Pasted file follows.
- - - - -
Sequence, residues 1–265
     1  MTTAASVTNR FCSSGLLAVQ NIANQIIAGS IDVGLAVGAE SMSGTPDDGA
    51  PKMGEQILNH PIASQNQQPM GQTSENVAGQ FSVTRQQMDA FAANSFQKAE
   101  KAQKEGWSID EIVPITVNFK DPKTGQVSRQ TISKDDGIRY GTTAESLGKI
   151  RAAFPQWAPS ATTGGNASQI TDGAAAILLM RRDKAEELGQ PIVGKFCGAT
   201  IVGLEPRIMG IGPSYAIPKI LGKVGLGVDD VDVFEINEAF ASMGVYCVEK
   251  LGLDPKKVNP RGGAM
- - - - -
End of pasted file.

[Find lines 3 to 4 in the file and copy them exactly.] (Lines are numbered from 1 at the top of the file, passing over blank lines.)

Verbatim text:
    51  PKMGEQILNH PIASQNQQPM GQTSENVAGQ FSVTRQQMDA FAANSFQKAE
   101  KAQKEGWSID EIVPITVNFK DPKTGQVSRQ TISKDDGIRY GTTAESLGKI